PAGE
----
Like everyone starting in a new job, my first task on March 23 was to arrive at the office in Chambers Street to complete some ‘starter’ paperwork, register for a new email account and pick up my new staff-pass and lanyard. But March 23 wasn’t any ordinary starting day.
In fact I arrived two weeks early, because this was the day that National Museums Scotland completed its procedures for moving to ‘working from home’ for all but the security team and those undertaking essential work caring for the buildings and collection. After that everything was safely locked down as we turned to face the collective challenge of the coronavirus. It was my last glimpse of the inside of the Museum before the world changed.
I started in the role ‘officially’ on April 6, not with the usual ‘first day at school’ nerves and straightening of the tie in the mirror before hitting the road to work, but with a short walk from my kitchen to my study, a switching on of the laptop and that slight feeling of dread that the WiFi connection would fail and I wouldn’t be able to master the video-conferencing technology. It is a new morning ritual that many of us have become used to since everything changed. Now, four weeks later, like a large part of the population, I’m an accomplished master of ‘tech’ and a late-career home-worker. It is a revelation!
My carefully prepared induction plans are still on track, they’re just happening in a way none of us could have predicted when I eagerly accepted the post of Director last December. And while it goes without saying that all of us would rather be spending our time in the physical environments, work routines and world of social connection that we took for granted; in many ways I am grateful for the opportunity this challenge provides for reflecting, connecting and taking a fresh look at things.
So, a few informal, ‘early doors’ observations on working at the Museum from home:
I’ve been enormously privileged to have my first ‘virtual’ conversations with my resilient, talented colleagues in the privacy of their homes. Where I might have been discussing our approach to collection storage, budget planning, our future exhibition programme, or the management of a working-farm or airfield in galleries or the back of museum offices, with all their sense of familiarity and ‘business as usual’ distractions; now I can really focus on what makes us all tick. I get a strong sense of the personal passion that drives everyone to make our museums the best they can be. And everyone can see and talk to me without the expected trappings. I’m not in a Director’s suit making an orchestrated visit, but amongst my books and clutter, with a coffee cup to the side. As a result, every conversation feels authentic and life-enhancing – despite the cut-outs and WiFi wobbles.
That said, working through the interface of a laptop is no replacement for interacting with the real world and it’s in those breaks for lunch or the daily exercise walk that I ‘download’ all the information I’m receiving, and compensate for the temporary lack of people, galleries and collection that drives us all to work for Museums in the first place. I have a need to make the world a museum around me in order to compensate for that lack of physical connection.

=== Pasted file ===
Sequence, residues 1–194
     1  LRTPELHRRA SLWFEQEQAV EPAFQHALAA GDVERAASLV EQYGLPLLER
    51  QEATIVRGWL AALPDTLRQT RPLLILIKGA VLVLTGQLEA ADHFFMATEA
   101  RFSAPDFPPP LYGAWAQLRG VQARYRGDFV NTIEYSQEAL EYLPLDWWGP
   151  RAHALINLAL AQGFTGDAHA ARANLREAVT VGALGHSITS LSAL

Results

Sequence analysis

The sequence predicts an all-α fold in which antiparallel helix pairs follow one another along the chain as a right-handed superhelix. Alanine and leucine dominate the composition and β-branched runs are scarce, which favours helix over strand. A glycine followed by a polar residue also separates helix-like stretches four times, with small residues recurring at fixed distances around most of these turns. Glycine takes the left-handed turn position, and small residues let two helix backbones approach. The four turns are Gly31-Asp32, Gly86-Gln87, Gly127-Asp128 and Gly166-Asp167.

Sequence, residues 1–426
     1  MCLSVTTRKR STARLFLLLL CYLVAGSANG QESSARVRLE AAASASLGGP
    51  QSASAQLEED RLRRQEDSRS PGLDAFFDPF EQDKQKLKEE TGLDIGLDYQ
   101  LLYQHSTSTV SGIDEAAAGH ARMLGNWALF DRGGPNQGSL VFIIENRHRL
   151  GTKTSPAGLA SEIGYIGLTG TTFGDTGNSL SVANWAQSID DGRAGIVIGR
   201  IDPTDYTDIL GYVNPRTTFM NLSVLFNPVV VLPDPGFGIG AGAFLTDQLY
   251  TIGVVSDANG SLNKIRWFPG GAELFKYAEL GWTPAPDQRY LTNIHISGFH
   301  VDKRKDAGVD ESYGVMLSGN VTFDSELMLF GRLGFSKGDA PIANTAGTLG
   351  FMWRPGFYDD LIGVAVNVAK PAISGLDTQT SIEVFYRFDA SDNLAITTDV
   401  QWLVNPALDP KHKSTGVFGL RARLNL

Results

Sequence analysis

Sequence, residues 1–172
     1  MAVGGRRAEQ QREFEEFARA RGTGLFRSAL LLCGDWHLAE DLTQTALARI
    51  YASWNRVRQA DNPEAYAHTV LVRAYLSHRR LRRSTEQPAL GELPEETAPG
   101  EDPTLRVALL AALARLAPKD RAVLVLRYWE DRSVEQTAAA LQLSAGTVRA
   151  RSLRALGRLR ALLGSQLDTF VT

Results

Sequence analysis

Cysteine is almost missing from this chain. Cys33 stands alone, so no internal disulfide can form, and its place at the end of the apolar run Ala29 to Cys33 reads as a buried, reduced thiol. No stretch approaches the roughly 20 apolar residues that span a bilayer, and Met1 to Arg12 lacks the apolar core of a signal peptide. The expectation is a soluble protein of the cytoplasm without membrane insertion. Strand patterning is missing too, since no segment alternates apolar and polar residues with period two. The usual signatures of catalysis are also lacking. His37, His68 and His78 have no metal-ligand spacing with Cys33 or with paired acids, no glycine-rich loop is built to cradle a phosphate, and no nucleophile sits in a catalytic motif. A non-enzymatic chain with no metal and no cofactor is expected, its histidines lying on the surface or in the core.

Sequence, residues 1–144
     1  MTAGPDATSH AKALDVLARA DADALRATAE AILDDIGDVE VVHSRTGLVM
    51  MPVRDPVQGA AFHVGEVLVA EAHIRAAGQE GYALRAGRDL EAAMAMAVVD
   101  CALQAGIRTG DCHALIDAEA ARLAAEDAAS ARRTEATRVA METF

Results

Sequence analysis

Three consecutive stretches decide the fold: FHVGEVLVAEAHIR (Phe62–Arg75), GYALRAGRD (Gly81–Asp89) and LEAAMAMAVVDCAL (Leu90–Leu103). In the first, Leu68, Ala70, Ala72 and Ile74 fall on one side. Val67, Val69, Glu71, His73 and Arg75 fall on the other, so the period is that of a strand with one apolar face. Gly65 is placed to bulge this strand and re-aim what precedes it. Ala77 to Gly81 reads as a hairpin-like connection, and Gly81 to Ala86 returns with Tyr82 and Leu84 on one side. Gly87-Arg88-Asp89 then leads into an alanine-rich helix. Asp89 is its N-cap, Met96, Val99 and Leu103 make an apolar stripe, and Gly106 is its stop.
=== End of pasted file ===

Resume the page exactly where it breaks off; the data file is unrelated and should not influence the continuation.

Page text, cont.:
I wander around the house, picking up random objects, sensing their weight, thinking about the human stories they tell. I’m drawn, within the allotted hour, to walk to those corners of Edinburgh I’ve paid less attention to before, curious to know what they reveal about Scotland’s history and identity and how this might be communicated to visitors were we in the Museum. And in this glorious Spring, my senses pick up the spectacle of the natural cycle like never before. I tend the garden as if it were a display case and barter plant specimens with the neighbours – eager to make ‘new acquisitions’. It’s as if the Museum has broken its boundaries, proving its relevance in the ‘new normal’ beyond its physical walls.
If coronavirus hadn’t developed as it did, these first few weeks at work would have included trips to New York, London and Cardiff. Instead events have been postponed, hotels closed, flight and train schedules cancelled. There are some upsides, most importantly for the environment. But I also believe the truism that travel broadens the mind and that great national museums are part of the fabric that extends across territories and borders – connecting humanity in important ways. The small compensation is that this new way of working encourages national and international collaboration. Connection via email and conference calls with my peers in other institutions, nationally and internationally, to share ideas and approaches, is strengthening the sector in its response to the challenge. Less competition, more synergy.
While our sites are closed, the wealth of information on our website about our collections and programmes is invaluable to me as an aid to getting to know the institution. Museums have spent years ‘digitising’ their collections, sharing their research practices and findings, and reaching out to new audiences through innovative on-line learning and engagement programmes. Now that investment is paying off a hundred fold. It cannot replace the in-space, in-time experience of visiting a museum, but it adds a fourth dimension. I am so proud of the ways we’re sharing it right now, when the experience of learning and creating is so special and valuable for many.
I look up the verb ‘to induct’ in the Oxford English Dictionary. It means ‘to introduce formally into office’ (with particular relevance for the clergy and the military). This has been one of the best inductions of my career. It’s not been at all formal, or official, in the way we’d intended it to be. But in these extraordinary circumstances it’s filled me with hope and excitement for the future of museums and for National Museums Scotland.